EIFL has provided comments to the Kenya Copyright Board (KECOBO) on the draft Intellectual Property Bill, 2020, which aims to consolidate existing laws relating to intellectual property.
The draft Bill also proposes mandating the development of a national strategy and policy on intellectual property, a potentially useful means of framing copyright within national priority areas such as literacy and education, digital inclusion, research and innovation. A national strategy also provides the opportunity to highlight the place of libraries in national information infrastructures that help deliver on government policies, and the need for copyright laws to support library activities and services in pursuit of these public interest objectives.
Since the main objective of the Bill is to consolidate existing laws, such as the Industrial Property Act, the Trade Marks Act and the Copyright Act, EIFL’s comments focus on differences between the existing laws and the Bill (rather than matters of substance in the text of the Bill). Our comments concern the section ‘Copyright and Related Rights’.
First, the definitions found in the Copyright Act No. 12 of 2001 seem to be missing in the Bill. These statutory definitions, that define basic terms such as ‘accessible format copy’ and ‘reproduction’, are essential to the understanding and interpretation of the law and should be included in the Bill.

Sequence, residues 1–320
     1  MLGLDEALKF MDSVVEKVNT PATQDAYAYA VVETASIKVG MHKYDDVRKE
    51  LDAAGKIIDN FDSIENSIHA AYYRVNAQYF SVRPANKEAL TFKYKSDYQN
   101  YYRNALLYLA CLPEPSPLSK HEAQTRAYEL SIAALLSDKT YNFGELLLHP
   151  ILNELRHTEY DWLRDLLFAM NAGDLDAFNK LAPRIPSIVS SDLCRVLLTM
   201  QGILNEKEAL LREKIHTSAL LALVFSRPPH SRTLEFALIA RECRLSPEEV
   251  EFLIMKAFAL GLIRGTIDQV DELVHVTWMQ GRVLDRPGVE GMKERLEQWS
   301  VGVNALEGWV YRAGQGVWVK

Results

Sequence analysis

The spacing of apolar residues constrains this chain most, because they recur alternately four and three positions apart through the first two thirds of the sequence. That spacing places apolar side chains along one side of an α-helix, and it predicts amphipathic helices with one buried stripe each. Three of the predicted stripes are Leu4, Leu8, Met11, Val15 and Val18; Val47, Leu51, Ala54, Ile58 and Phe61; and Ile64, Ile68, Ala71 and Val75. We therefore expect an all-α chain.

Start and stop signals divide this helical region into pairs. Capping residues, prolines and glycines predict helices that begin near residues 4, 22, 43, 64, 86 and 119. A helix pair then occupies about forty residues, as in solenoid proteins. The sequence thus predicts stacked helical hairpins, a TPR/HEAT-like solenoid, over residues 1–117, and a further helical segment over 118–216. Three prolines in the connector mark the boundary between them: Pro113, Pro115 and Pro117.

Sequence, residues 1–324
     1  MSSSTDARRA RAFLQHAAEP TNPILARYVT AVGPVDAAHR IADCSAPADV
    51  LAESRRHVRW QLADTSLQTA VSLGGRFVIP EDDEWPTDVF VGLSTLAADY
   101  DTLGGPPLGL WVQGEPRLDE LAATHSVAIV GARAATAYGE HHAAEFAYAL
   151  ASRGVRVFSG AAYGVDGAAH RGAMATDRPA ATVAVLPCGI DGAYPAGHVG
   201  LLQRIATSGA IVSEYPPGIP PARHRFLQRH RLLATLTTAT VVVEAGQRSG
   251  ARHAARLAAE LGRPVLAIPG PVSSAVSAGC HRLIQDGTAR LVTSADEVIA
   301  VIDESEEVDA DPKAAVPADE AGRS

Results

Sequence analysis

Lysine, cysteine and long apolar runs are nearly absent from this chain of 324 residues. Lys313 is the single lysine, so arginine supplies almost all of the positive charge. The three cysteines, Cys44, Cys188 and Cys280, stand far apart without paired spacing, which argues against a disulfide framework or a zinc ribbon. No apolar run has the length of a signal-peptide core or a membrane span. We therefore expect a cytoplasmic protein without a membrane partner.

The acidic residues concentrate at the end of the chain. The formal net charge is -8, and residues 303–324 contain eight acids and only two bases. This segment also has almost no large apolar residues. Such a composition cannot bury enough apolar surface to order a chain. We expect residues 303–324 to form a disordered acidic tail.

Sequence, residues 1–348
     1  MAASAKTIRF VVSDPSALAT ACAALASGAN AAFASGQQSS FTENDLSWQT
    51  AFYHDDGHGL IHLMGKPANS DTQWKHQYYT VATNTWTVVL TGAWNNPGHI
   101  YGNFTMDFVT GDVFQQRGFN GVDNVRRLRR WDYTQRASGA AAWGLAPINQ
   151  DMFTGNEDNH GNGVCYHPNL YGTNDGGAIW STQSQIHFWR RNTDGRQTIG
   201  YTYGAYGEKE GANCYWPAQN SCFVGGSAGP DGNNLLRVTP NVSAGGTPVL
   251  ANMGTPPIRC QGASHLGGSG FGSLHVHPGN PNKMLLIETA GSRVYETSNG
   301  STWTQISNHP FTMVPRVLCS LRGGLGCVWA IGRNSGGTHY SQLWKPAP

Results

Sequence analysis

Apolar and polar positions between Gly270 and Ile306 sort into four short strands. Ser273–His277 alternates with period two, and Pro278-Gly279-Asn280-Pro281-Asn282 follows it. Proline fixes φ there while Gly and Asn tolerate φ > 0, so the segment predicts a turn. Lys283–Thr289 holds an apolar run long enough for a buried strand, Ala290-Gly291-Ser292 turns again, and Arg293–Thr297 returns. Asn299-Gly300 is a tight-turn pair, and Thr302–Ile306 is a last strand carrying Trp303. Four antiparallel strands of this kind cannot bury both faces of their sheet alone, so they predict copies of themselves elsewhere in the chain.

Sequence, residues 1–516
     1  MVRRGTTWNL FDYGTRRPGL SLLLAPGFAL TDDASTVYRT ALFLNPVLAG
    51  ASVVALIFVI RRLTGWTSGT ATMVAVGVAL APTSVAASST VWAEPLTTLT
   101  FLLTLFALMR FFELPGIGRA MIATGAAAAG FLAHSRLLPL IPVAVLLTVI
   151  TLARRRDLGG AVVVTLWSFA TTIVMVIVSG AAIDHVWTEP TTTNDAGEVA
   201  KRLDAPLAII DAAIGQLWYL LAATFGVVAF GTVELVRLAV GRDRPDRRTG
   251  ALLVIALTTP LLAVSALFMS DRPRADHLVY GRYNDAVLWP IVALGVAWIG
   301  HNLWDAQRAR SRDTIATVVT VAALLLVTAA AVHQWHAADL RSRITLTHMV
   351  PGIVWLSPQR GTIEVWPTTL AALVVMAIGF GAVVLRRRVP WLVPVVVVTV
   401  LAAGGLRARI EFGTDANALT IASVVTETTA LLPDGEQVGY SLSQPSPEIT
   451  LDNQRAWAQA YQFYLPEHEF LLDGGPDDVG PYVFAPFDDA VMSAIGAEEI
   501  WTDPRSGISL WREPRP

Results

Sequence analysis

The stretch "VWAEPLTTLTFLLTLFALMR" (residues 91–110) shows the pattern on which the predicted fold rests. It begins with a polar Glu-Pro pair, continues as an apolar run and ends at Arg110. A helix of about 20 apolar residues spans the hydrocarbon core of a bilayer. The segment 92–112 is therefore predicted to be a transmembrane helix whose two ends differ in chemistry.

Second, while the Bill refers to a Schedule containing the exceptions and limitations, the Schedule itself has not been included. The Schedule in the 2001 Copyright Act contains four categories of exceptions: General exceptions and limitations, Educational Institutions, Libraries and Archives and Broadcasting. For clarity and avoidance of doubt, these exceptions, that are of critical importance to libraries and education, are an integral part of the copyright system in Kenya and should also be part of the Bill.
The Kenya Libraries and Information Services Consortium (KLISC), EIFL’s partner in Kenya, also submitted comments on the draft Bill to the Kenya Copyright Board. KLISC additionally requested a review of the copyright provisions in the Bill that do not fully address the digital transformation in society; a cross-reference to the Marrakesh Treaty for persons with print disabilities adopted by Kenya in 2017, and inclusion of a table of contents to aid reading of the 154-page Bill.
The merger of existing legislation in Kenya into a single law on intellectual property comes from a recommendation of the Presidential Task Force on Parastatal Reforms (2013). Other IP-related recommendations of the task force include the merger of three state bodies, the Kenya Copyright Board (KECOBO), Kenya Industrial Property Institute (KIPI) and the Anti-Counterfeit Agency (ACA), to create a new agency known as the Kenya Intellectual Property Office (KIPO).
In April 2020, KECOBO invited stakeholders to send feedback on the Bill.
Read the IP Bill, 2020 here.